For many people, their first time in a courtroom is at a divorce or child custody hearing. Whether you have representation or not, this new experience can be nerve-wracking. Here, you will learn how to feel more comfortable through adequate preparation and planning to have greater success when your court date comes.
The most significant thing to remember for your court hearing is that the more preparation you do, the less stressed you will be and, usually, the better outcome you get. Adequate preparation will also make you feel more confident, which is particularly important in a courtroom environment.
Prepare by obtaining legal advice from someone qualified and experienced in family law. This will help you learn what to expect and get you heading in the right direction. It would help if you also prepared with self-help. Learn as much as you can about the laws in Colorado and your courtroom. Useful resources include the State Judicial Website, the Lexis State Statutes Website, legal books and articles, our firm's website, etc. Getting yourself familiar with the laws that will govern your case will be crucial to your preparation.
Next, you should begin preparing the documents and information you need to present your case. In a divorce, this will include detailed financial statements, and if you have children, documents about them as well. It is also important to read everything you receive from opposing counsel or your spouse. You should take notes as the case goes to keep handy when you go to court.
Lastly, you must keep track of court deadlines. Once your case begins, everything will have a scheduled deadline, including when documents can be submitted to the court or sent to opposing counsel, when you need to appear in court, etc. Keep careful track of every deadline to ensure you do not miss anything.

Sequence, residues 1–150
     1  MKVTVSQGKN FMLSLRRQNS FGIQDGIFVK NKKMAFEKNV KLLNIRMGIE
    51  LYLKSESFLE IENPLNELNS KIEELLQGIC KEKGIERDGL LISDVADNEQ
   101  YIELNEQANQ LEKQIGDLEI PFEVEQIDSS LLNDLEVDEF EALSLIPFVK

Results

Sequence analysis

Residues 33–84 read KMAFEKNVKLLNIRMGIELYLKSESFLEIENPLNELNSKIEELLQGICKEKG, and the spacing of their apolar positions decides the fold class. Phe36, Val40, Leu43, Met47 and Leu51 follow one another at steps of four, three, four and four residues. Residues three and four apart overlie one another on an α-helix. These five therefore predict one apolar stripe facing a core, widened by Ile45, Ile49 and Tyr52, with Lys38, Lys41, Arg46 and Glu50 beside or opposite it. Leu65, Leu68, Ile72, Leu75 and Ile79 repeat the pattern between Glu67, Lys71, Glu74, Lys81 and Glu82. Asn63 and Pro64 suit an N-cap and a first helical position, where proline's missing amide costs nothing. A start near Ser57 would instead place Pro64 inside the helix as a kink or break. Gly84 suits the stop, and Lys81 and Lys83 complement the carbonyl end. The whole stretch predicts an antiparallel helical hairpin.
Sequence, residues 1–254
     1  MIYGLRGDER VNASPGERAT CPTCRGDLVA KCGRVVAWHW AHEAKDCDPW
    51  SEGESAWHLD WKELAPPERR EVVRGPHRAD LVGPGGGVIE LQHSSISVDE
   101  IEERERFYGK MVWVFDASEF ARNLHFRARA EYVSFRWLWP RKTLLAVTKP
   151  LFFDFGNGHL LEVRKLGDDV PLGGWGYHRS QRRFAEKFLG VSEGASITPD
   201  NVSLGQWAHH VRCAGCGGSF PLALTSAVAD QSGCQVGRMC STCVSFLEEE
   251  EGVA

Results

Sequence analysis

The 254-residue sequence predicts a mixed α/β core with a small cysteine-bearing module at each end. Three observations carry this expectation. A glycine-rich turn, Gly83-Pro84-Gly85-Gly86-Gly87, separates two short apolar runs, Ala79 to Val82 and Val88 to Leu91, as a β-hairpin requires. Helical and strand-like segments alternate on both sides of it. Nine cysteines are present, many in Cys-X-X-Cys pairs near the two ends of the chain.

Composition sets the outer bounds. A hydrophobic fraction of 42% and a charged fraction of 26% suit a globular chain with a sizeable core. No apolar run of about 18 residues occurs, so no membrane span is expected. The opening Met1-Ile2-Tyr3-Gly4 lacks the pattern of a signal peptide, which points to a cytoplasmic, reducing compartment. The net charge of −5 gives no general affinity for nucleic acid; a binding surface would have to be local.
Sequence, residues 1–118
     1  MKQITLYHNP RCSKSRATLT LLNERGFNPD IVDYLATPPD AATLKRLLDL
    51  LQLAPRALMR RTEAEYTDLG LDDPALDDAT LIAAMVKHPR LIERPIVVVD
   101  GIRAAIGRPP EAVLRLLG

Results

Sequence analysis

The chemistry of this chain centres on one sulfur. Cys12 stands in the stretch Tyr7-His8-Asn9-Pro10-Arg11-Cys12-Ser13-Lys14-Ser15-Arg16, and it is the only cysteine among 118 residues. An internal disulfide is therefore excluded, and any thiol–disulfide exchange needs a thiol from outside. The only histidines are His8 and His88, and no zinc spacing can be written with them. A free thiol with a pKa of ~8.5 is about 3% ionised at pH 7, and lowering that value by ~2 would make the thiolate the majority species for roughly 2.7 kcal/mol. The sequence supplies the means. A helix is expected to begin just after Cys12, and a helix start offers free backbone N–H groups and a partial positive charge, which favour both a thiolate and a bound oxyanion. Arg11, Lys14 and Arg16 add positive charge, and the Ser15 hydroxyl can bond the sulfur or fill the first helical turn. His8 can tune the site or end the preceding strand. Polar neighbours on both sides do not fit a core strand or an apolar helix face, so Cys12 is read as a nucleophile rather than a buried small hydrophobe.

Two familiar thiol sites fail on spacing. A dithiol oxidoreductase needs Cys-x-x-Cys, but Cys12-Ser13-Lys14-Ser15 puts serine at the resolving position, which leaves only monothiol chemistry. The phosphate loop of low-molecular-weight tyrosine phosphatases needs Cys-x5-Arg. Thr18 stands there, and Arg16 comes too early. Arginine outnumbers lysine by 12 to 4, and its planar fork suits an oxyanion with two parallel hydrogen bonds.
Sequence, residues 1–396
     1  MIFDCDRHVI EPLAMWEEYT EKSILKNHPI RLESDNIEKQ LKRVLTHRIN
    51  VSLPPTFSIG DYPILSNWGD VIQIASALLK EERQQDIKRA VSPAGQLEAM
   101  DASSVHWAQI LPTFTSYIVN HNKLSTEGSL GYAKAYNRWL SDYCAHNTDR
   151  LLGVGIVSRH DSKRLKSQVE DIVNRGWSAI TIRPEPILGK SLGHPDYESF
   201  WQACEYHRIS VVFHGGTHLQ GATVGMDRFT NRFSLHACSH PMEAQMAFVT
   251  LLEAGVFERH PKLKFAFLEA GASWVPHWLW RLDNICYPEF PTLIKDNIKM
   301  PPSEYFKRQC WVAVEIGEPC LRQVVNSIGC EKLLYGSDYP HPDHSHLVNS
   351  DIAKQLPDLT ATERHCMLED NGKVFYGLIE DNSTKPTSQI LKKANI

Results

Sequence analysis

Once you have prepared for your hearing, you should organize everything you anticipate you will need on the court day. Ensure all the documents the judge may require, including your Sworn Financial Statement and 16.2 Disclosures. You should also have multiple copies of these documents if the opposing counsel and the judge wish to have them. These documents should be easily accessible and organized so that you are not fumbling around at the hearing.
Whether you are represented by a lawyer or are representing yourself, you are held to the standard of a licensed attorney in the courtroom. This means you need to familiarize yourself with the court rules, including rules of procedure, evidence, how to introduce documents and evidence, and how to testify properly. Many judges also have unique rules for their courtroom, so you should also be familiar with those.
It is also crucial to know what documents and information you need to prove your case and prepare them. If you plan on having witnesses testify on your behalf, you need to make sure they are available, ready, and prepared for potential delays in the day. You should also plan by outlining the questions you plan on asking each witness, as each should bring something new to your case.
Finally, you should be adequately prepared to provide the judge with everything they need to know about your case. For example, if you have a custody dispute, know what information the judge will need to make the order you want.
You should wake up early, eat a good breakfast, and ensure your documents are organized and ready the morning of your hearing. Ensuring you have plenty of time in the morning will alleviate stress.